Mayor calls on EU to accelerate safer lorries regulations

Mayor calls on EU to accelerate safer lorries regulations

In a letter to EU Commissioner Elzbieta Bienkowska, London’s Mayor, Sadiq Khan, says the EU should set earlier start dates for regulations that will require manufacturers to build lorries without extensive blind spots.

The EU commission agreed earlier this year that future lorries must be required to have good direct vision (not just via six mirrors that have to be constantly monitored in town), but it set distant dates for the regulations to come into force: 2026 for new lorry models and 2029 for all new lorries.  

The Mayor wants those dates brought forward by two and three years: 2024 for all new model types and 2026 for all new lorries. While some manufacturers, like Dennis Eagle, Mercedes and Scania, already supply lorries with good direct vision the new designs are still not offered by all manufacturers and prices remain higher than for old-style lorries.

Increased production and usage of lorries without blind spots will help achieve the Mayor’s target of zero fatalities and serious injuries on the roads by 2041. Currently lorries are involved in 20% of pedestrian fatalities in London and half of cyclists fatalities. Having direct sight of other road users has been shown to helps drivers avoid collisions.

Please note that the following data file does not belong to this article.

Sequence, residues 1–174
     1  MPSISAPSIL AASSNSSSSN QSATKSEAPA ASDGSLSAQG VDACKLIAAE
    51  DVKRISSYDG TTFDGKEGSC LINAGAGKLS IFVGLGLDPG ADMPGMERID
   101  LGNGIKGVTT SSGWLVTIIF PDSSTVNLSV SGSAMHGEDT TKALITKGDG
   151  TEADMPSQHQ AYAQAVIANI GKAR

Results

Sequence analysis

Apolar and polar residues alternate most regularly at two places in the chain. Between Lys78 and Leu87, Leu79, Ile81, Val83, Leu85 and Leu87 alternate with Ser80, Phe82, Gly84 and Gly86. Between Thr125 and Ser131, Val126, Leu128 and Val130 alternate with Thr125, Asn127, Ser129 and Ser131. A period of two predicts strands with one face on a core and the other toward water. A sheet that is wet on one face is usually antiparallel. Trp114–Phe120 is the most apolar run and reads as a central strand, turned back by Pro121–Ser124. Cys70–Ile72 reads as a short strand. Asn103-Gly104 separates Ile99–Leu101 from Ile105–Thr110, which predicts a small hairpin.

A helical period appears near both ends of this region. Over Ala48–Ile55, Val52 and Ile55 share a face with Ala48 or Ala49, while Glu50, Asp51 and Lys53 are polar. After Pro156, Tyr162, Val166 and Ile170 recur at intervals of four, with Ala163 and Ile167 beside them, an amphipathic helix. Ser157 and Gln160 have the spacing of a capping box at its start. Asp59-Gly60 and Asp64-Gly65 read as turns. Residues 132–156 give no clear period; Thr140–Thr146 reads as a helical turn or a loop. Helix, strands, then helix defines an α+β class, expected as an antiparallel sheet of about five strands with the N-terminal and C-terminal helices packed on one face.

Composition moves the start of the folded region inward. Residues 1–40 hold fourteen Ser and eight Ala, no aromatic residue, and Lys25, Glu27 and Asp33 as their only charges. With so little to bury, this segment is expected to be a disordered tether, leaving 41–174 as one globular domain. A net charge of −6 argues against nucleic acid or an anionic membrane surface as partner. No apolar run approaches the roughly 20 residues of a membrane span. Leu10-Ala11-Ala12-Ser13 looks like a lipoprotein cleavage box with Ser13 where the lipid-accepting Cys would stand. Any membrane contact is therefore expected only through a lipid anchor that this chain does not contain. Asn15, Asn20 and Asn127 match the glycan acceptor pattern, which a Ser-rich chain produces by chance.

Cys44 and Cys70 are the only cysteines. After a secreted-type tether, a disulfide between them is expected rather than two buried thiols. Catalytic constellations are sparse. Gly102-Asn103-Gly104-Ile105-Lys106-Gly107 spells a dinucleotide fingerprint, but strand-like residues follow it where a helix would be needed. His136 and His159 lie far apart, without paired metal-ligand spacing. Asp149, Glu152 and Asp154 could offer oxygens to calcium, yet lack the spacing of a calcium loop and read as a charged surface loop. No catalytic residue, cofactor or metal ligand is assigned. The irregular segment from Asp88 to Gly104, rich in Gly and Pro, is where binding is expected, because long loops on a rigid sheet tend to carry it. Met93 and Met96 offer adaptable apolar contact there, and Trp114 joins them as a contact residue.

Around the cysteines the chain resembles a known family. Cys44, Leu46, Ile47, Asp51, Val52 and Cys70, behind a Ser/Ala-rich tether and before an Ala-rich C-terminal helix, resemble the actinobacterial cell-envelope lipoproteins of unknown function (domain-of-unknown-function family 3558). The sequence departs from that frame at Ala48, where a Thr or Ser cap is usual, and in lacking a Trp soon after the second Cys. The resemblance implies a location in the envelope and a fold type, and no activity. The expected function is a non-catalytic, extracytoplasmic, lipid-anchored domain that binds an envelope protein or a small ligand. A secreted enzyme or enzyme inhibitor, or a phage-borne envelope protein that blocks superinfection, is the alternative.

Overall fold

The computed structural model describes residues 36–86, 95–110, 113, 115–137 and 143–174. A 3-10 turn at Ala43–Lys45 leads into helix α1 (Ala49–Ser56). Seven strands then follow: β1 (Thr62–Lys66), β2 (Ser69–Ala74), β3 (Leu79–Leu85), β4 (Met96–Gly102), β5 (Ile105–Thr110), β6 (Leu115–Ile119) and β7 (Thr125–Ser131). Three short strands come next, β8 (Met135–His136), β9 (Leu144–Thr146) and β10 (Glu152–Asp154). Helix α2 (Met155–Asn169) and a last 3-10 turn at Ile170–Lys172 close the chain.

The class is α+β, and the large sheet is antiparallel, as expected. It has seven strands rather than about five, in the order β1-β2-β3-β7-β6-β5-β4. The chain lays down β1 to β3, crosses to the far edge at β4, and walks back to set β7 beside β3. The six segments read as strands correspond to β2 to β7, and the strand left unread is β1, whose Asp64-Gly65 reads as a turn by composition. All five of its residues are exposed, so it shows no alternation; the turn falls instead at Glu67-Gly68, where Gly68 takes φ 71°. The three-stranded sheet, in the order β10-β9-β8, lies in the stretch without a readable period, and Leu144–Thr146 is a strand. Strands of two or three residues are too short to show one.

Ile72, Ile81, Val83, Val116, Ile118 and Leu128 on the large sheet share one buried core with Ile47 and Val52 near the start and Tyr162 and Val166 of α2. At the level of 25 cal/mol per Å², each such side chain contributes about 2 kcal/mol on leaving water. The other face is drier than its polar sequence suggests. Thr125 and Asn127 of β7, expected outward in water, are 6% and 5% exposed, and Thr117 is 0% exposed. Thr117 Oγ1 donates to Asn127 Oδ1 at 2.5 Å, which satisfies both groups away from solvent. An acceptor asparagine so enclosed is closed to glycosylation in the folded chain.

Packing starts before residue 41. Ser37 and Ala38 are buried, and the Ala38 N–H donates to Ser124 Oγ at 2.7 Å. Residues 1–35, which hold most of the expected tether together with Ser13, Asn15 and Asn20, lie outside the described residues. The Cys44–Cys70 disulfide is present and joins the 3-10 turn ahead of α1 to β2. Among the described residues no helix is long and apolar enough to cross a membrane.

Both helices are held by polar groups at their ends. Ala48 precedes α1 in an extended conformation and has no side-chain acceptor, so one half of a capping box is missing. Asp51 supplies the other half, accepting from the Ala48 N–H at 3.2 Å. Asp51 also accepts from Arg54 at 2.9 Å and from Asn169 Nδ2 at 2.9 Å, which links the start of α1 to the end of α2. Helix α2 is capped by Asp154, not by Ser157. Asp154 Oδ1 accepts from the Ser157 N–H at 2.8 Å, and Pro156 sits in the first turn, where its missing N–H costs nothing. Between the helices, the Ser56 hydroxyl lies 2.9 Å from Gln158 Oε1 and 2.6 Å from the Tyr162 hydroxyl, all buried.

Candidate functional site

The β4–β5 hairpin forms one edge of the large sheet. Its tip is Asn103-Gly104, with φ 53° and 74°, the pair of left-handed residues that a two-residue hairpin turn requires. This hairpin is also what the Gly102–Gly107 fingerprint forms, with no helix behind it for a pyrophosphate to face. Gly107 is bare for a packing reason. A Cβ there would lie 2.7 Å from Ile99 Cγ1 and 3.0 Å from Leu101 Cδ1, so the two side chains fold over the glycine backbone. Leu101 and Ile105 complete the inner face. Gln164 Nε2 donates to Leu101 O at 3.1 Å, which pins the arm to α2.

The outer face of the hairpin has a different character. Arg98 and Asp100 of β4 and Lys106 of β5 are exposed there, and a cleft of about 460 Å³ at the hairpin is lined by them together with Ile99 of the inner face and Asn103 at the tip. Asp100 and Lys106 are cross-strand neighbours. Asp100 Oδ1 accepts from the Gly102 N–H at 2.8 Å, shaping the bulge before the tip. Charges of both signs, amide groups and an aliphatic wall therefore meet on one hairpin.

Increased production of lorries with good direct vision will also help bring their costs down to those of conventional lorries.

The Mayor has introduced a Direct Vision Standard (rated from 0 to 5 stars) in London and set a deadline of October 2020 for lorry operators in the capital to meet a one star deadline and 2024 for a three star deadline. However, because of limited availability and slow uptake of  the new lorry types, operators of zero star lorries will, on an interim basis, be able to enter London as long as they meet ‘safe system’ mitigating measures which will include having both camera systems and electronic alert systems in place on their vehicles.

LCC has strongly championed the use of lorries with good direct vision and wants them to become the norm in London, as promised by the Mayor. The refuse sector in London has switched almost entirely to five star direct vision lorries and the same is true of airside vehicles. Forward thinking operators such as Tideway, Cemex, Explore Transport and Riney are already using five star lorries for both construction and other freight.